More than half a century ago John Steinbeck lamented that regional American speech patterns were disappearing. In Travels With Charley he observed that the radio and television were destroying “localness” with a more standardized type of speech.
“Just as our bread, mixed and baked, packaged and sold without benefit of accident or human frailty, is uniformly good and uniformly tasteless, so will our speech become one speech,” Steinbeck predicted.
While I expect people to use correct grammar in the workplace and to avoid expressions that might confuse others, I don’t want use to lose all the flavor of our speech. As Steinbeck noted, speech is not just words and sentences but also the accents and emphasis that we use. (I have been listening to an audio version of Travels With Charley read by actor Gary Sinise, by the way, and I think his voice adds texture to Steinbeck’s words.)
Our speech can make us stand out from a crowd and create an instant connection with others.
Listen to a group of diners ordering beverages in a restaurant, and you can start to guess where they grew up based on who orders “Soda,” who orders “Pop” and who says “Coke,” regardless of the brand of carbonated beverage desired. If I hear the expression “Bless her heart,” I know the speaker has Southern roots somewhere.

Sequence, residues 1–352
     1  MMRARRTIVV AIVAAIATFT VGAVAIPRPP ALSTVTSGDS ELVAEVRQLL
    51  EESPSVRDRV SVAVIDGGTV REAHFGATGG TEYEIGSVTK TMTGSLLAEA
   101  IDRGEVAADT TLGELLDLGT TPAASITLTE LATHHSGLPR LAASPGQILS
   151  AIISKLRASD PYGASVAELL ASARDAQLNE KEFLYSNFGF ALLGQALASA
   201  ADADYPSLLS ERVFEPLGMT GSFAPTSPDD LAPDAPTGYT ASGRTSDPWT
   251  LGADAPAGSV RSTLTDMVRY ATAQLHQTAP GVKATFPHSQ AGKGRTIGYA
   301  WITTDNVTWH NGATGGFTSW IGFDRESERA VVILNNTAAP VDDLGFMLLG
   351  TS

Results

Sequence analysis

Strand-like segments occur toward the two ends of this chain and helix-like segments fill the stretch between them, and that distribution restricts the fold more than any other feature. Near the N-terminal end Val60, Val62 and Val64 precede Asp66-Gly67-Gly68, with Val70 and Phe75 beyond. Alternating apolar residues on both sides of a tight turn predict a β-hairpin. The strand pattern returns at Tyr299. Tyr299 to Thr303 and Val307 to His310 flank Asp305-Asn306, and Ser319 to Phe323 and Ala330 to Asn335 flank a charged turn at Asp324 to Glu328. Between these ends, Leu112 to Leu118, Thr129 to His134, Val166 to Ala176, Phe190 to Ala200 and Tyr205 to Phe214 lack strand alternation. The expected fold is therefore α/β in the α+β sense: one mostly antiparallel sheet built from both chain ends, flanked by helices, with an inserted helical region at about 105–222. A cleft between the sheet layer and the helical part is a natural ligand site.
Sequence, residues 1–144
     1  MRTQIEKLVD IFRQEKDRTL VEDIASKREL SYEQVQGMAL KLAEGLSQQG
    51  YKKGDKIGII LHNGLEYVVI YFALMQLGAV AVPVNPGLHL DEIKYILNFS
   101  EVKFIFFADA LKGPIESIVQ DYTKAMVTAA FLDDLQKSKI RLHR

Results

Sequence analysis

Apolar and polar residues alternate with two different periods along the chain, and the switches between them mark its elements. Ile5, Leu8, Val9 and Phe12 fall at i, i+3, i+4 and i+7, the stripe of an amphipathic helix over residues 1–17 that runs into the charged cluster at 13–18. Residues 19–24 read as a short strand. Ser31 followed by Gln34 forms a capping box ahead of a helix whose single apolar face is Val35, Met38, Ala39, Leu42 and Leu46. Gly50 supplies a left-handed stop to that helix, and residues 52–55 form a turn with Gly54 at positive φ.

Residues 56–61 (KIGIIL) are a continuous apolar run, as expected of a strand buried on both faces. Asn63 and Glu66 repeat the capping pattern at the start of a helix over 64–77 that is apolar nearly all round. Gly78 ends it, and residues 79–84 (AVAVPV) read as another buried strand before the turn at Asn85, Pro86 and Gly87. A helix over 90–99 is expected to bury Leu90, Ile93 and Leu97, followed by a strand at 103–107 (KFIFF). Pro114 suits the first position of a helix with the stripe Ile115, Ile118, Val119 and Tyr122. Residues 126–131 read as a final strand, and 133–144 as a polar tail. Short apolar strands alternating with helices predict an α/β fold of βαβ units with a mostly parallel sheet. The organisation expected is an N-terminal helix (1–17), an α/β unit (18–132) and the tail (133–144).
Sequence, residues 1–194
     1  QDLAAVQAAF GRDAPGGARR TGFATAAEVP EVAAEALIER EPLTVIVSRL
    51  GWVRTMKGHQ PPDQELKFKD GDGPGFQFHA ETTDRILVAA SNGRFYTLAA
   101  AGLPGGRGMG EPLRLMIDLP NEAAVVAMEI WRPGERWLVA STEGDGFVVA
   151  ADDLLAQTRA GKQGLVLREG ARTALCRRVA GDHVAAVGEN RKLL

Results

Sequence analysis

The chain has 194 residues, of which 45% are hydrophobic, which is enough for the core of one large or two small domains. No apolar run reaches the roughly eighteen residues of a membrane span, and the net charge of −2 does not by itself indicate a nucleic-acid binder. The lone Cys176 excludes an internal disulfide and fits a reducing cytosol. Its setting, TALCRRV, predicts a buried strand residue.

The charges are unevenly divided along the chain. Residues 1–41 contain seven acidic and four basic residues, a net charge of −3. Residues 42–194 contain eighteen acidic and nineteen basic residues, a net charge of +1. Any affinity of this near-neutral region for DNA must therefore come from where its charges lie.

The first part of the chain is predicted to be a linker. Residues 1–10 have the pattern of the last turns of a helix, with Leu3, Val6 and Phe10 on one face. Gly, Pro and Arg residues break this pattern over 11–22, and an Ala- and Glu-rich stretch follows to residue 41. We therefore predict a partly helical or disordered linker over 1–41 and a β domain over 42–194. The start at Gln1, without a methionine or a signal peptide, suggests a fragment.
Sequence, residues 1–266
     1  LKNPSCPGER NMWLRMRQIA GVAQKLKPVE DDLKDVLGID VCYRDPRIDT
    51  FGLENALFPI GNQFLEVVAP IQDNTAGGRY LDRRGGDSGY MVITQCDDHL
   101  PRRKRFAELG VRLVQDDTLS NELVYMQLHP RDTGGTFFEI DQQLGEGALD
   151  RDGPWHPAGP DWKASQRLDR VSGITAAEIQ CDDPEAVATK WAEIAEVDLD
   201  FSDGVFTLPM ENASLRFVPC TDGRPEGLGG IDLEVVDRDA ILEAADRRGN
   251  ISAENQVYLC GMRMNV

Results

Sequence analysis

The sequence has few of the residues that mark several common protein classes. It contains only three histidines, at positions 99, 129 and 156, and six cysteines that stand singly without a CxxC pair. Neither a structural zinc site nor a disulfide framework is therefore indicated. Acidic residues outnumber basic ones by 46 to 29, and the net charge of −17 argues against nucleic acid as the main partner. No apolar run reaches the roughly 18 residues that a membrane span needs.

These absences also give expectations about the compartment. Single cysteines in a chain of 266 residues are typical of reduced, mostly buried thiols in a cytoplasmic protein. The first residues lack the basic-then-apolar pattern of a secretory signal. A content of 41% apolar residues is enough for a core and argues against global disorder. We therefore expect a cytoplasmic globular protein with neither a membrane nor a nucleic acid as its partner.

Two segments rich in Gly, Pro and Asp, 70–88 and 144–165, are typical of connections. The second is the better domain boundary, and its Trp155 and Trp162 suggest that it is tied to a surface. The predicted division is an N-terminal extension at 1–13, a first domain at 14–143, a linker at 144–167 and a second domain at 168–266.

I once worked in an office in West Virginia were most of the employees were from other states. One of my co-workers who was a native of another region of West Virginia had a slight accent—until he started talking on the phone with someone in town. His accent became thicker as he spoke, and it seemed to make the caller more comfortable.
If you want to learn and savor regional expressions, you’re in luck. The final volume of the Dictionary of American Regional English has just been published. The project to collect and explain regional expressions started 50 years ago, although it doesn’t appear that Steinbeck’s commentary inspired the effort.
What’s makes your speech memorable?